EL SEGUNDO, Calif. -- The slight grins on their faces and certain tone in their voices were noticeable when Los Angeles Kings Mike Richards and Drew Doughty talked about playing a Game 7.
It's a cliché, but it's true: Game 7s bring hockey players back to their childhoods, when they envisioned scoring the game-winner from the driveway or backyard pond. Those thoughts seemed to run through Doughty's mind Tuesday when he talked about Game 7 of the Western Conference First Round series against the San Jose Sharks to be played Wednesday at SAP Center (10 p.m. ET; CBC,RDS,PRIME).
"Last night, I couldn't sleep [I was] just so excited for this game," Doughty said. "I'm going to have to get a nap in today and get a better sleep tonight because I'm a little tired this morning. I just can't wait to get it going. It's an unbelievable atmosphere in that arena when we come on the ice and they're going to be booing us like crazy right off the bat. It gets the goose bumps going and gets you excited for the game and gets you excited to hopefully beat that team in their rink. I know everyone is looking forward to it."
Doughty said he pays no attention to the “Beat L.A.” chant at SAP Center.
“Whatever,” Doughty said. "I don’t think it’s the best chant I’ve ever heard. It’s not even a good chant.”
The Kings are trying to become the fourth team in NHL history to successfully come back from a 3-0 deficit in a best-of-7 series. The others were the 1942 Toronto Maple Leafs, the 1975 New York Islanders and the 2010 Philadelphia Flyers.
Doughty was still buzzing from a 4-1 win in Game 6 that was probably the loudest Staples Center has been this season and conjured up images of the Kings' 2012 Stanley Cup run.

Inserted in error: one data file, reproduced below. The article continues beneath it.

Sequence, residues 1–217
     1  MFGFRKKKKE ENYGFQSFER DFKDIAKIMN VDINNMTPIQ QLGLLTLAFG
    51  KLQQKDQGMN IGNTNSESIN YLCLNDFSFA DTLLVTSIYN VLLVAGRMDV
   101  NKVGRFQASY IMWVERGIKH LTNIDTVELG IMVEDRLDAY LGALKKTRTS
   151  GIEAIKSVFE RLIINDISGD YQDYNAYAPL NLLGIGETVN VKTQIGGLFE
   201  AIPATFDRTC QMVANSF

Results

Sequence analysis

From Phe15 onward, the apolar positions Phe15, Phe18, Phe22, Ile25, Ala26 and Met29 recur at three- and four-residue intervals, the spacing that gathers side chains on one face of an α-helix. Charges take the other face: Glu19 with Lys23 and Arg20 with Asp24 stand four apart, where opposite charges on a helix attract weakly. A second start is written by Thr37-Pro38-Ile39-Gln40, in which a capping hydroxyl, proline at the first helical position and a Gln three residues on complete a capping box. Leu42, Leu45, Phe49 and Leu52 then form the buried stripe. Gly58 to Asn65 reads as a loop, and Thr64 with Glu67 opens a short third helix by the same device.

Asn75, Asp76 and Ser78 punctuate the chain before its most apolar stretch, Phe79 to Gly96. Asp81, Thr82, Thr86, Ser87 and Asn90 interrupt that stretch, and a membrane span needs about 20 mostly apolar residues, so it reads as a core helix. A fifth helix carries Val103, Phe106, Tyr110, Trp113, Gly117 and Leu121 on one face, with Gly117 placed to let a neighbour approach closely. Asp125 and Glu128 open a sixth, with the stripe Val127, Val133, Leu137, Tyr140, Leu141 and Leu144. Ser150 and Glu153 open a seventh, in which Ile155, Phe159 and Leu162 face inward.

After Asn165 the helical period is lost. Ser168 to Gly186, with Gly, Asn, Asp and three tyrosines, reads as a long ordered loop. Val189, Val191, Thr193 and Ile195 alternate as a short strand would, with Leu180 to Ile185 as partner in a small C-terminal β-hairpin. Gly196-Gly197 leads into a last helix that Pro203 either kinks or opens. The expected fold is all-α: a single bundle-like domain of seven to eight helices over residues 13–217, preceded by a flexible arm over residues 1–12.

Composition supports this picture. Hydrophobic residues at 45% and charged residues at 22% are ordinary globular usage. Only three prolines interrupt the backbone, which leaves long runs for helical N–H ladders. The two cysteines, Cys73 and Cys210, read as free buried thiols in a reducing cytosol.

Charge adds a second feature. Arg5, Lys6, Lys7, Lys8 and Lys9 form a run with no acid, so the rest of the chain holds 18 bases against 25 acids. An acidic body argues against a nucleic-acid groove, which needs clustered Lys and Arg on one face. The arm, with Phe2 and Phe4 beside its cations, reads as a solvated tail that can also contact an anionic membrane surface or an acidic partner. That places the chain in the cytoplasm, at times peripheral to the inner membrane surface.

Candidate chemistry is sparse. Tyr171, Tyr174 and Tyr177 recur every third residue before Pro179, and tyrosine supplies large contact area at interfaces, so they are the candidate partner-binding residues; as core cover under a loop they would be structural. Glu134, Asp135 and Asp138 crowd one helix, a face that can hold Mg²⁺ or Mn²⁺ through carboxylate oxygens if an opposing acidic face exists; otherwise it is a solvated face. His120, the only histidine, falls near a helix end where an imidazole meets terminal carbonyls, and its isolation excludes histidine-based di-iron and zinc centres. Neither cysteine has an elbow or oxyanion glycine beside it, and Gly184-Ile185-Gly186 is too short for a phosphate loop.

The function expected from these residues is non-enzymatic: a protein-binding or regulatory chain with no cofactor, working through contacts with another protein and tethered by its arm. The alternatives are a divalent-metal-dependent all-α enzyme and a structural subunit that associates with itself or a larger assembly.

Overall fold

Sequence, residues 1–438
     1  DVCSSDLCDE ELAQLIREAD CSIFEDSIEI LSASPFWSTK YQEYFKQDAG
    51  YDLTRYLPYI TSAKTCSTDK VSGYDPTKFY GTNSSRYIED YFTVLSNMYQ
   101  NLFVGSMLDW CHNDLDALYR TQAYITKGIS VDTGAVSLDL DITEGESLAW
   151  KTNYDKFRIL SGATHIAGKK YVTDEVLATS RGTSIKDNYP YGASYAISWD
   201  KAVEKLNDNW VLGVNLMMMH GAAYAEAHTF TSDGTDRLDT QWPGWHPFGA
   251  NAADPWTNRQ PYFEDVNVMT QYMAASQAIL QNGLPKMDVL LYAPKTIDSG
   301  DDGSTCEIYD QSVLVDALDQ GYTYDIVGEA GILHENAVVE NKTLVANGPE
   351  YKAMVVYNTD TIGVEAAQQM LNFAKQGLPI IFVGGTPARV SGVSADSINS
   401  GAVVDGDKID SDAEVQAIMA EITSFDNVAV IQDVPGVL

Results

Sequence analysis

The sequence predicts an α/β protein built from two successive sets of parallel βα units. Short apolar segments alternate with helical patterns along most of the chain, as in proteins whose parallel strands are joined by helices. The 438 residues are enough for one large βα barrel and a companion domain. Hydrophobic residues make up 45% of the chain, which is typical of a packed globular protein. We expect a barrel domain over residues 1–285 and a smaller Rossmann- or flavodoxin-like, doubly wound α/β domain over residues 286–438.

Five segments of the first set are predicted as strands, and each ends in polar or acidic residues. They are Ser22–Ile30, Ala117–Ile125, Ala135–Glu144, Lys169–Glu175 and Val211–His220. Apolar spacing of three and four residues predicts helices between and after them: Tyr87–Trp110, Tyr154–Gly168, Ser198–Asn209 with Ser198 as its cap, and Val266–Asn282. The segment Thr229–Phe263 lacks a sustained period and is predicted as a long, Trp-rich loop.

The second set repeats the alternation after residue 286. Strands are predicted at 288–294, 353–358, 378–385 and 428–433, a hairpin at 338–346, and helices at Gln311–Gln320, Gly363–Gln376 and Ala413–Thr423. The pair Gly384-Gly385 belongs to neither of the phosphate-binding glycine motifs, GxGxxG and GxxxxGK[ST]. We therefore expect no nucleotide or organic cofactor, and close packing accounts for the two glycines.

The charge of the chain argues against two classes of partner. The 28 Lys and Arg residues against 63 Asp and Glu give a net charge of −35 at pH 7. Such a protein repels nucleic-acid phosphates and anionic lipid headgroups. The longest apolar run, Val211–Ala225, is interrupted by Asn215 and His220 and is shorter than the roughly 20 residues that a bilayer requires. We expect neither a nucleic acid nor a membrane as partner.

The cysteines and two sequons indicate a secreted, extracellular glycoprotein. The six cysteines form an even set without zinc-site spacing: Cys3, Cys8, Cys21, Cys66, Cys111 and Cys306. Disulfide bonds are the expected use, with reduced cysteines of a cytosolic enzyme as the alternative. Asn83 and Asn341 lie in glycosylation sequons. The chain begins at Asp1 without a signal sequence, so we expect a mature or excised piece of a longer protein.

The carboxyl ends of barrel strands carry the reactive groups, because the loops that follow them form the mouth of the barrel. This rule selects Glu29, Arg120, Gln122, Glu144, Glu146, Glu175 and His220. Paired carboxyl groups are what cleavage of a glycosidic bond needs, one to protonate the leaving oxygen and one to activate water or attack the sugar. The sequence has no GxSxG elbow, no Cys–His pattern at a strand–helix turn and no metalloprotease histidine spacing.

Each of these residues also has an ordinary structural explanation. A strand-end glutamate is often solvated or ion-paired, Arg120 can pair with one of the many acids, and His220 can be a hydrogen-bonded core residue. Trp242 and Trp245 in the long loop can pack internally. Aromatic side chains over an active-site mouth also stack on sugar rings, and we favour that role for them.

"This feels amazing so far," Doughty said. "If we can top it off in this last game, it's going to be something I'm definitely going to remember. And I think everyone else for the rest of our lives. But we can't get ahead of ourselves like that. We've got to use the experience we have from our Cup run in order to win this game. I know we're going to be fully prepared."
Richards and Jeff Carter can become the first players to twice erase a 3-0 series deficit and win. They were on that 2010 Flyers team that rallied from 3-0 down in Game 7 to beat the Boston Bruins, although Carter did not play because of a foot injury.
Richards, who got that series-winning assist, can draw some parallels to this one.
"We didn't lose as bad in the first couple of games as we did here," Richards said. "But it's similar circumstances. Game 3 was … a similar type of situation though. We were close, and we started getting the bounces like we have been here and capitalizing on some opportunities. We're probably not looking to go down 3-0 tomorrow, but if it is that way, we're still going to fight right to the bitter end and hopefully we can get that win."
Individually, the Kings have an impressive track record in Game 7. Richards, Marian Gaborik and Justin Williams are 4-0, Willie Mitchell is 3-0, and Carter is 2-0. Goalie Jonathan Quick beat San Jose in Game 7 of the conference semifinals last season. Four of Quick's eight career shutouts in the Stanley Cup Playoffs are against San Jose, and he has allowed one goal three times against the Sharks.
Williams added to his big-game legacy with two goals in Game 6. He was the hero of Game 7 against the Sharks last season with two goals in a 2-1 win. Williams has five goals and four assists in four career Game 7s.
"He's been in this position in times before," Quick said. "He's been on teams that figure out ways to win those types of games. I think you learn from those experiences. He's a guy that's certainly been through those experiences, so he's a wealth of knowledge on how to succeed in those situations. It's good to see him get rewarded like that."
Los Angeles might not have defenseman Mitchell, who left the in the second period of Game 6 with an apparent lower-body injury. Coach Darryl Sutter did not have an update on Mitchell.
"We'll see tomorrow," Sutter said.
Defenseman Matt Greene is available to go back into the lineup. The Kings reassigned center Colin Fraser to the American Hockey League, a possible precursor to recalling a defenseman for depth purposes.
Sutter mentioned Game 3 as the difference in the series. The Kings dominated overtime, only to lose on Patrick Marleau's fluky floater that gave San Jose the 3-0 series lead. Many observers thought it would go seven games, but probably not this way.
"It's not our most conventional way to go through a series, but you've got to win in different ways," Richards said. "We put ourselves in a position to move on to the next round, and we have to be ready because obviously they're going to play their best hockey and we're going to play our best hockey. It's going to be a great match."